Let the games begin.



Todd Leroy said...

Is that it? That's your definition of justification?? I've been gone too long, Bob! (Lively enough :) ?)

I've got to be missing something. I can see that we definitely really need to debate this definition of what it means to be justified. Usually the debate is over whether we are justified by faith alone or not. According to you, are we just justified, not by faith or anything?
You said, "Everyone is justified." By what?

I think your definition ignores a lot of what the Bible says about justification:

"since God is one. He will justify the circumcised by faith and the uncircumcised through faith." Romans 3:30

How does your parable analysis of the wedding feast fit in with this?
"And those whom he predestined he also called, and those whom he called he also justified, and those whom he justified he also glorified." Rom. 8:30

I submit to you that before conversion, no one is justified! Rather, everyone is:

Dead in trespasses and sins (Eph. 2:1)

Slave to sin & death (Rom. 8:2)

Child of the Devil (John 8:44)

Enemy of God (James 4:4)

In the darkness (John 12:35)

Produce works of the flesh (Gal. 5:19)

Mind blinded by Satan (2 Cor. 4:4)

To state that everyone is justified is not just to oppose Calvinism. It is to oppose each and every major Bible-based ecclesiological entity and movement (in history?).

I haven't studied OT / Jewish justification as much but if you make your definition of universal justification the grounds for starting to obey by faith, what does that mean for OT saints?

Todd Leroy said...

Bob, I submit this to you as a better definition of God's Grace:

Bob the Anti-Anti said...

Two points:

Justification is given to all men by Christ. Retaining justification requires faith and obedience:
Romans 5:18 Therefore as by the offence of one [judgment came] upon all men to condemnation; even so by the righteousness of one [the free gift came] upon all men unto justification of life.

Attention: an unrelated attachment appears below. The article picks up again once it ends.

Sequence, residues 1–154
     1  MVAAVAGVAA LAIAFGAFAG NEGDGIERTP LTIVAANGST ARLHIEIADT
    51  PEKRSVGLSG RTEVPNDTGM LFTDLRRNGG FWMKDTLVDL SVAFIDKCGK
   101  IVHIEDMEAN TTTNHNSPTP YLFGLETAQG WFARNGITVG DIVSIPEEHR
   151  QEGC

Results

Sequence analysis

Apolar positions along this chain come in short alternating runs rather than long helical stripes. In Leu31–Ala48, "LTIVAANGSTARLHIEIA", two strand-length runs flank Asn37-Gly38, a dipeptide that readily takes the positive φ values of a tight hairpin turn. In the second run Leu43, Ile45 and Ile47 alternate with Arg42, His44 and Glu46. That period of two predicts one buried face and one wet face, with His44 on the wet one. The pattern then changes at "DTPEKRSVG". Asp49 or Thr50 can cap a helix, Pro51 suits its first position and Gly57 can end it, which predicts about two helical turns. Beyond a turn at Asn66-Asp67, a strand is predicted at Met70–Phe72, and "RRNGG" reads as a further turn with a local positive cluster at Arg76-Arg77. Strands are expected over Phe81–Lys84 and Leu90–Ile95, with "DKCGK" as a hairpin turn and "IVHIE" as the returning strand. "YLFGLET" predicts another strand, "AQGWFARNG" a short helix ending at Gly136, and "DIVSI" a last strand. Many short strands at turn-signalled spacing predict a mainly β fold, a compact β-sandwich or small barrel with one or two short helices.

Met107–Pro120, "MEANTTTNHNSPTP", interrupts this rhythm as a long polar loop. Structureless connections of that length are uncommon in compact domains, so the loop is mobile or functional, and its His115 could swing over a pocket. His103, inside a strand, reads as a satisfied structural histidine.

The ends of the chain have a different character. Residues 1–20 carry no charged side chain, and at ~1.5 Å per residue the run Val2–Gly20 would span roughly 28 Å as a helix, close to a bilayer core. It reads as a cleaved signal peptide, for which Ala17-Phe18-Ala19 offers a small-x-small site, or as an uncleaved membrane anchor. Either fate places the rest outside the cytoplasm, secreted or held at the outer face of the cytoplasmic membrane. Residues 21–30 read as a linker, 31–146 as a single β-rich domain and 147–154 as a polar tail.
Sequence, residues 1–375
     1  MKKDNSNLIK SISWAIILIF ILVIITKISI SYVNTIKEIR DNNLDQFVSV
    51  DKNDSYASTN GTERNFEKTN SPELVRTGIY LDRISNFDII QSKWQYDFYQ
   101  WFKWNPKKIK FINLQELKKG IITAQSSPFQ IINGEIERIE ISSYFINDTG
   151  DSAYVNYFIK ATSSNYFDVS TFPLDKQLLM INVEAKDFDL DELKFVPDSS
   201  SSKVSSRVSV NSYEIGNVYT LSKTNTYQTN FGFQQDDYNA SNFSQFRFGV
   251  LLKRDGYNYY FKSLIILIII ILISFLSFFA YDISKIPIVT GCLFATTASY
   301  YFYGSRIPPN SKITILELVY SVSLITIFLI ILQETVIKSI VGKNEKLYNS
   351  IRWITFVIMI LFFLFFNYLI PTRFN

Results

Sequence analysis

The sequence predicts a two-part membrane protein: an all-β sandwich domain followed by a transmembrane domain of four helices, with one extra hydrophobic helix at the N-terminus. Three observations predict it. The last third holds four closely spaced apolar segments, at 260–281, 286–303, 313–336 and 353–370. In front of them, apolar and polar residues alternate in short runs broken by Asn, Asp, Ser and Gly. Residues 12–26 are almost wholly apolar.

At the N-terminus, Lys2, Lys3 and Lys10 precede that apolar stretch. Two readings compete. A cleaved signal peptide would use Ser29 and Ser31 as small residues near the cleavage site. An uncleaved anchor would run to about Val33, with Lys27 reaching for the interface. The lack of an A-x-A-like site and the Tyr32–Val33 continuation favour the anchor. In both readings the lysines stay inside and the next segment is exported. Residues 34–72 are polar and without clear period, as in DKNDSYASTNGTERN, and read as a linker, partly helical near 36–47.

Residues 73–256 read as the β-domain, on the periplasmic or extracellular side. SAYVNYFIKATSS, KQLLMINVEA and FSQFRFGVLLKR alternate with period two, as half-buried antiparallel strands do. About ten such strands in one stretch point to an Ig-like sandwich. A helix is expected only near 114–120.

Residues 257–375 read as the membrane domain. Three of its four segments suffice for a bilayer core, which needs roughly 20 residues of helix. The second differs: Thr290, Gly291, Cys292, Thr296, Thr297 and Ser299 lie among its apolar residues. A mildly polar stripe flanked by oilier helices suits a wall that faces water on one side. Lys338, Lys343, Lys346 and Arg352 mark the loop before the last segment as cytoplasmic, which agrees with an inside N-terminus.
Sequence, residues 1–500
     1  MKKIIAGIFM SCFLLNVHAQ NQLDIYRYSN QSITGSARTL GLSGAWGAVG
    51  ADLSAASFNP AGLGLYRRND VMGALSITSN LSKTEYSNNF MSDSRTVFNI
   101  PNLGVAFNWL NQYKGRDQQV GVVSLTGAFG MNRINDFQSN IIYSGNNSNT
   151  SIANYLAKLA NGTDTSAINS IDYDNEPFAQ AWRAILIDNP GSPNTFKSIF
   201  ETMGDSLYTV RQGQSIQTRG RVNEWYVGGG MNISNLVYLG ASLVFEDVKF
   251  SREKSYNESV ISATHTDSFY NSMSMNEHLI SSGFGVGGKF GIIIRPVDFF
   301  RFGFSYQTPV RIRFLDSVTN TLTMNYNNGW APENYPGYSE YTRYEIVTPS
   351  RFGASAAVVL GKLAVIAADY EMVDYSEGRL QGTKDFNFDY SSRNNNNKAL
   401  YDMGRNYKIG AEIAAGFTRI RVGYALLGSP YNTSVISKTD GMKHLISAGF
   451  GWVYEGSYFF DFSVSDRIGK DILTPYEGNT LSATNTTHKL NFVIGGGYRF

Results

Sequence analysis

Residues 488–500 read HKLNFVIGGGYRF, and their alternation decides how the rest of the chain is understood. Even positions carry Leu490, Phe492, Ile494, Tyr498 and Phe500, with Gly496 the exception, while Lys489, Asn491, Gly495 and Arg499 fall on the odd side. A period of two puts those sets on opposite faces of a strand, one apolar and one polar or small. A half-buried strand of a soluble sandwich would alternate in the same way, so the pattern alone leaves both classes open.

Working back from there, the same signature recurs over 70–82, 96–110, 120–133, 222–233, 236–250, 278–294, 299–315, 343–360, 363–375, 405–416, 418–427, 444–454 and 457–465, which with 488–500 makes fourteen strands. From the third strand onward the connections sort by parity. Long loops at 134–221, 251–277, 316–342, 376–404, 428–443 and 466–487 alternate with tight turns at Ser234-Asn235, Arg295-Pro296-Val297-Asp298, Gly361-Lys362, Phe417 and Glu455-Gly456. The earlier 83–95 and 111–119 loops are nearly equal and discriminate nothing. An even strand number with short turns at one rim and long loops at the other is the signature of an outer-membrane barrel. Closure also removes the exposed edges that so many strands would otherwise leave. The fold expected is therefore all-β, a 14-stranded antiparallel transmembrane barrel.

I keep repeating that this scripture is explicit in stating Justification is upon all men. In fact, all of Romans chapter 5 is centered on this theme. This is because, as Paul says in starting his discussion on Grace and Justification back in Romans chapter 3, ALL have sinned and fallen short. Through the faith and faithfulness of Jesus Christ, all men are justified.

Romans 3:22 Even the righteousness of God [which is] by faith of Jesus Christ unto all and upon all them that believe: for there is no difference: 23 For all have sinned, and come short of the glory of God;

Paul identifies two groups of people Christ's justification reaches: (1)ALL and (2)All that believe. In Paul's lexicon, people who believe are those who actually live and obey Christ:

Romans 10:16 But they have not all OBEYED the gospel. For Esaias saith, Lord, who hath BELIEVED our report?

I love how this is all out of the same letter of Paul. Which is a big part of the problem faced by monergists. The text is pretty easy to follow. Saved by Grace through our faith and works.

Which brings up the definition of Grace you offer. I find the website to be just a bunch of opinion by someone with a vested interest in shaping the argument. Grace has a meaning and definition within the language it was used. Understanding its historical context and usage provides the definition. Storm and Piper seem to want to tie their theological bias to the word. To them, Grace is no longer grace if the giver requires something of the person it is given to. This is just not the historical context of the word. While it could in some circumstances mean a free gift (Romans 3:24 for example, which reinforces my position), context dictates it is often contingent on something else: